The Centre for the Study of Ancient Documents

September 1st, 2019

The Centre for the Study of Ancient Documents

A short walk from the Ashmolean, the Centre for the research of Ancient Documents (CSAD) is making waves through the Ioannou Centre for Classical and Byzantine Studies on St Giles’. The interview has been set up to learn more about new imaging technology that is being used to show previously illegible ancient inscriptions.

I’m here to satisfy Dr Jane Massйglia, an Oxford alumna, former secondary teacher and now research fellow for AshLI (the Ashmolean Latin Inscription Project). Jane actively works to encourage general engagement that is public translating these ancient documents. There are many nice examples of this: calling out on Twitter when it comes to interested public to have a stab at translating these inscriptions that are ancient.

The person that is second meeting today is Ben Altshuler, ‘our amazing RTI whizzkid.’ RTI, or Reflectance Transformation Imaging, may be the software used to decipher inscriptions that are previously impenetrable. Ben Altshuler, 20, has been dealing with CSAD on his gap year prior to starting a Classics degree at Harvard later this year.

What’s the remit of CSAD and just how achieved it come to be?

‘The centre started about two decades ago,’ Jane informs me. ‘It was write my paper born away from several projects that are big original texts such as the Vindolanda tablets (a Roman site in northern England that has yielded the oldest surviving handwritten documents in Britain). There was clearly suddenly a need to house various different projects in Classics looking at primary source material, and an expression that it was better joined up together. It’s a good idea: epigraphers, the folks who study these ancient inscriptions – do things in a way that is similar similar resources and technology.

‘in terms of what we do now, the centre currently holds a true number of projects like AshLI, the Corpus of Ptolemaic Inscriptions (CPI) additionally the Lexicon of Greek Personal Names (LGPN).

‘This is how it began,’ she says and shows me a “squeeze”.

The ‘squeezes’ are stored in large boxes that are stacked floor to ceiling in the middle.

‘Some of the work that is ongoing the centre is in sifting and analysing what exactly is in these archives. The new system is much more accessible – into the immediate future we will be able to view the squeezes on a pc and, within the long run, there was talk of searchable indexes of RTI images and integration with open source and widely used commercial platforms, like Photoshop.’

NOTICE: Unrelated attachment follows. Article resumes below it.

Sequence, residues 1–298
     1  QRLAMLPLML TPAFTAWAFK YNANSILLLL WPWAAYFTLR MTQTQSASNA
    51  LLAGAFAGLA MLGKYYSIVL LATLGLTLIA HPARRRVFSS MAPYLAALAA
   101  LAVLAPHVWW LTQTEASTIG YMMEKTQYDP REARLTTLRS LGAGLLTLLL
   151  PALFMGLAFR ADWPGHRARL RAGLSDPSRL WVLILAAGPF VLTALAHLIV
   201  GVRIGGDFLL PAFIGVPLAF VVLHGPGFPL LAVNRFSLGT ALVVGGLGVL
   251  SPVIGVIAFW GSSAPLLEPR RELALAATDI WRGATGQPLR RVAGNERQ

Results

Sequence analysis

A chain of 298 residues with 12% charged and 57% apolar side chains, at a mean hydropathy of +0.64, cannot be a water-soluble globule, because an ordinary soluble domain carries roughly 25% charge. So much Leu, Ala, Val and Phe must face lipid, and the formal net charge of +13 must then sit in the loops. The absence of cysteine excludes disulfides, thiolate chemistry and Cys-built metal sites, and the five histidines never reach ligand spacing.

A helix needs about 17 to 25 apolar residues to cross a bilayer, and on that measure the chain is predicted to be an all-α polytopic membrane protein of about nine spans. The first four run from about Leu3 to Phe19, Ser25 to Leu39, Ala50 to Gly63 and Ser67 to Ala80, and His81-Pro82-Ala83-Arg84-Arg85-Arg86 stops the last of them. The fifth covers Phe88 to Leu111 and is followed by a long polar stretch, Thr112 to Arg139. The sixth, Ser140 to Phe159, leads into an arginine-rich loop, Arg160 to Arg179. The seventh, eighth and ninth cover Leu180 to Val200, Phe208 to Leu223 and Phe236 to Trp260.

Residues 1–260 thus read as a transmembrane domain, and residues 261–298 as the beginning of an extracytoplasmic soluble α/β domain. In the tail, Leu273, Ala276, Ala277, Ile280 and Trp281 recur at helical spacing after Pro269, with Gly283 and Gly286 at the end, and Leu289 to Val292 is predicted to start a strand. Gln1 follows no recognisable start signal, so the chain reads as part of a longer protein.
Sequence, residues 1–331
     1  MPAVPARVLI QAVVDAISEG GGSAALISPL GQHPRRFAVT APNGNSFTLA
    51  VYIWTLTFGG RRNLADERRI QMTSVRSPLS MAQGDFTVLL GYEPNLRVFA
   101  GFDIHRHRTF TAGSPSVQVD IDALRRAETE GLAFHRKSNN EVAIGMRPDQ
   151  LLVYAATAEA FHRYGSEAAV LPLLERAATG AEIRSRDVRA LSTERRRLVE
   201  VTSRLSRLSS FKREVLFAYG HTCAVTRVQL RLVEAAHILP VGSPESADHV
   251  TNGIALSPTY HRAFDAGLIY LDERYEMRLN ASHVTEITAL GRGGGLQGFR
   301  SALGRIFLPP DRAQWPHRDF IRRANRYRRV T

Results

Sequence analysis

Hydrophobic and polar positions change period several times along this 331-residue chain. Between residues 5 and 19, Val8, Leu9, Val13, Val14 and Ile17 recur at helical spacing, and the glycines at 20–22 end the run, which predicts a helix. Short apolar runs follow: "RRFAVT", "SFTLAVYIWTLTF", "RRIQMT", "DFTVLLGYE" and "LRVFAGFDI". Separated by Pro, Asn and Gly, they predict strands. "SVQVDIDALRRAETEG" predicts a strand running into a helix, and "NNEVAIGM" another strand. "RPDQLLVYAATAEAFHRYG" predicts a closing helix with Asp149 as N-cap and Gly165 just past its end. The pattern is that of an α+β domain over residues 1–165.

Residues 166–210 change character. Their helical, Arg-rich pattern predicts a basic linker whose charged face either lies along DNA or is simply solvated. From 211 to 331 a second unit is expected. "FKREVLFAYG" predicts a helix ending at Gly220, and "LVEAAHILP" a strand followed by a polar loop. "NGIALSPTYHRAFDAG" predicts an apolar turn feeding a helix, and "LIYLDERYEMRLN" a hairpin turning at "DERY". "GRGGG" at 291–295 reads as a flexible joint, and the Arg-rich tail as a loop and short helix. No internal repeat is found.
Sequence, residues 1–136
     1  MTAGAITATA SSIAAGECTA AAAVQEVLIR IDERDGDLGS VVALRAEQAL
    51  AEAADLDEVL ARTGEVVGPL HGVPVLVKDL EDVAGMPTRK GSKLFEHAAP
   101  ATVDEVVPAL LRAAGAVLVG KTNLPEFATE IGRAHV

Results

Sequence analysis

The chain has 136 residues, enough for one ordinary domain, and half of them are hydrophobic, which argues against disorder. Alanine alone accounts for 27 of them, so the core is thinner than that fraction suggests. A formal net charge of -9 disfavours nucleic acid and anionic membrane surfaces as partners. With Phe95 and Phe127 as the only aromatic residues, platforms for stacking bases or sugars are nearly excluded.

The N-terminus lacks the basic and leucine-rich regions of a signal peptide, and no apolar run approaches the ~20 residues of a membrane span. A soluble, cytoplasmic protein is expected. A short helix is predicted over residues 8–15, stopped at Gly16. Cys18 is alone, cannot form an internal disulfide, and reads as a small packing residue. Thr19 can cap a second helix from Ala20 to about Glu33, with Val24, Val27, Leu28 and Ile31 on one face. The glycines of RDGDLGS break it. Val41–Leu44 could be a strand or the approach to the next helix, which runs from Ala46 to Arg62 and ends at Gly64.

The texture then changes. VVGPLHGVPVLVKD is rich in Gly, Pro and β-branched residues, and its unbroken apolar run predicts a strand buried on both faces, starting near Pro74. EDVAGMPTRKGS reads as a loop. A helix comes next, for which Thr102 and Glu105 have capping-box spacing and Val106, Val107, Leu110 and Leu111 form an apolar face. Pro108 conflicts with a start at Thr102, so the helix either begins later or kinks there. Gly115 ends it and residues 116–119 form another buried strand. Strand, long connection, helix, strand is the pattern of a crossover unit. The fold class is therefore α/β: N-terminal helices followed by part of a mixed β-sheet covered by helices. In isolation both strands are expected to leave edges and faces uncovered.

Ben, how did you come to be so associated with CSAD at 20?

‘In the previous few several years of twelfth grade I took part in an oral history project organised because of the Classics Conclave and American Philological Association,’ Ben tells me. ‘While we were interviewing classicists at Oxford, Roger Michel, the pinnacle for the Conclave, saw a number of places in the University and surrounding museums where technology that is new thrive. I happened to be offered a two-year sponsorship at the CSAD as an imaging expert into the fall following my graduation, and I spent the last year building up technical expertise to supply the necessary support within my work with Oxford.

‘So I came into it through the classical language side. I quickly saw that to be very successful in epigraphy takes many years of experience. But with RTI you can master the technology in a amount that is relatively short of. I possibly could make a much bigger impact supplying the technical skills and processed images for established classicists to get results on using their language expertise.’

Ben shows me a video clip he is made from the effects that are different can make in illuminating previously indecipherable texts (or, in this situation, a coin).

Here classist that is prominent Beard interviews Ben among others at CSAD to learn more about how exactly RTI will be used to make new discoveries possible within Humanities.